Biotronik has announced the first observational results of the CERTITUDE registry, documenting real-world clinical outcomes of patients in the USA who use implantable loop recorders (ILR), pacemakers, implantable cardioverter-defibrillators (ICDs), and cardiac resynchronisation therapy (CRT-D) devices that have Biotronik Home Monitoring capability. Biotronik Home Monitoring is the only monitoring system approved by the US Food and Drug Administration (FDA) for early detection and as a replacement for device interrogation during in-office follow-ups.
While prior studies have shown an association between activity and outcomes, no studies had examined the temporal relationship between device-derived daily activity, a novel digital biomarker, and ventricular tachyarrhythmias (VT). The authors found temporal decline in device-derived activity following ventricular arrhythmias treated with a shock, but not in patients treated with anti-tachycardia pacing (ATP). Monitoring device-derived activity post-VT events with a shock could provide relevant clinical information and potentially warrant intensified treatment.
”The CERTITUDE registry represents a robust post-market database consisting of over 55,000 active patients monitored by the Biotronik Home Monitoring system. Our data analysis aimed to identify whether changes in activity predict VT, or conversely VT predict changes in activity,” said Valentina Kutyifa, associate professor of medicine at the University of Rochester Medical Center, Rochester, USA, who presented the data virtually at the European Society of Cardiology’s 2021 congress (ESC 2021, 27–30 August, virtual).”Between scheduled in-clinic appointments, this technology transmits remotely and leverages important clinically actionable data to improve physician comprehension of device therapy, results, and disease progression in a real-world context.”
The real-world observational study from ICD and CRT-D devices collected de-identified daily data on leads, arrhythmias, and vital signs such as activity within the normal course of medical care. Activity data was provided for 16,475 devices (9,732 ICDs, 6,743 CRT-Ds). The total period of follow-up was 18,355 years (5.6 million days with transmission). A total of 1,409 of the 2,636 VT episodes studied had a rate of >200 beats per minute (bpm), and 593 were treated with shock. Patients with VT episodes of >200 bpm who were given shock treatment showed a substantial decrease in activity after the VT event, with a median of -8.7% (IQR -24.6%; 7.3%, p<0.001). However, there was no decrease in activity until the VT exceeded 200 bpm (p=0.690). VT episodes with a heart rate of more than 200 bpm treated with ATP alone were not associated with reduction in activity before or after the episode.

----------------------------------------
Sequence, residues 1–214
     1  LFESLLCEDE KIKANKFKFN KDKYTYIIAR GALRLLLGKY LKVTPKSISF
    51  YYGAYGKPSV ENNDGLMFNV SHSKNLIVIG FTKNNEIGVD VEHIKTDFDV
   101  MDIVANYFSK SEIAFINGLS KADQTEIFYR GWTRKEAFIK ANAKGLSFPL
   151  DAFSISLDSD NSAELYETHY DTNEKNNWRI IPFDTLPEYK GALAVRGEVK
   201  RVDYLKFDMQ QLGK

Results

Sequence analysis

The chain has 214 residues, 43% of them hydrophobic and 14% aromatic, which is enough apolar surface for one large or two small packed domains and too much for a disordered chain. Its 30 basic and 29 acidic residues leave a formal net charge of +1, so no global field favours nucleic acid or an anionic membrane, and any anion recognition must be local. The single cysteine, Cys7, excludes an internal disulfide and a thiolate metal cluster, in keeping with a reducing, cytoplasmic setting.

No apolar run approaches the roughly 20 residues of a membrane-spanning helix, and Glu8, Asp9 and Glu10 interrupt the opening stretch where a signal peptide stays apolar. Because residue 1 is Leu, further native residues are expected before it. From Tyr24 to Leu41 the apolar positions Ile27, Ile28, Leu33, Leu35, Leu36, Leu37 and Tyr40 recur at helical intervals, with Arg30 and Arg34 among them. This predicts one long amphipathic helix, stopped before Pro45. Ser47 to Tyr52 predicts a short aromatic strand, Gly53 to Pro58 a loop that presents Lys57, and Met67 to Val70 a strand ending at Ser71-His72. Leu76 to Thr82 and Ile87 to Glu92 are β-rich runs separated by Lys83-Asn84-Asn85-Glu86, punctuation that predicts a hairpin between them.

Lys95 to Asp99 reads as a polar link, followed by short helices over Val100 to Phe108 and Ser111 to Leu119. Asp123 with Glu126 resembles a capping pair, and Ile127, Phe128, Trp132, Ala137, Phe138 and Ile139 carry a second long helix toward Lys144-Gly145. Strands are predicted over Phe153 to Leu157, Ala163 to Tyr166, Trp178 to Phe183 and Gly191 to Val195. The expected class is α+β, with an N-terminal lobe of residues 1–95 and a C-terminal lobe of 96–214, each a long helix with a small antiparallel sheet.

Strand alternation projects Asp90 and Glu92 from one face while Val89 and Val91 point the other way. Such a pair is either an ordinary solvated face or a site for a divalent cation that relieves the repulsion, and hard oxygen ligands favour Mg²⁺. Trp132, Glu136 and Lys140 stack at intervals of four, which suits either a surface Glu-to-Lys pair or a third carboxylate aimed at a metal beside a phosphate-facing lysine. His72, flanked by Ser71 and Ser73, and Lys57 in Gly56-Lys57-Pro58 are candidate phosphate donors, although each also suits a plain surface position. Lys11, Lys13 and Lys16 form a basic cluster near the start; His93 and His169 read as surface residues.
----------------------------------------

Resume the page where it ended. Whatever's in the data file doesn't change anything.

Patient activity was measured with an accelerometer and was reported daily as a percentage active during the day. The initial event per device and seven-day activity windows were used to determine temporal changes in device-derived activity associated with treated VT. The baseline period was set at 31-38 days before the VT. Heart rate (≤200 bpm,>200 bpm) and therapy were used to classify VT occurrences (shock with or without ATP, ATP alone).
“The painless anti-tachycardia pacing feature options in Biotronik devices ensure optimal delivery to treat potentially life-threatening arrhythmias, avoiding unnecessary shocks,” said David Hayes, chief medical officer, Biotronik. “Our commitment to support a robust large-scale registry, such as CERTITUDE, is the type of clinical rigor that physicians have come to rely on and will propel us into the future in improving patients’ quality of life.”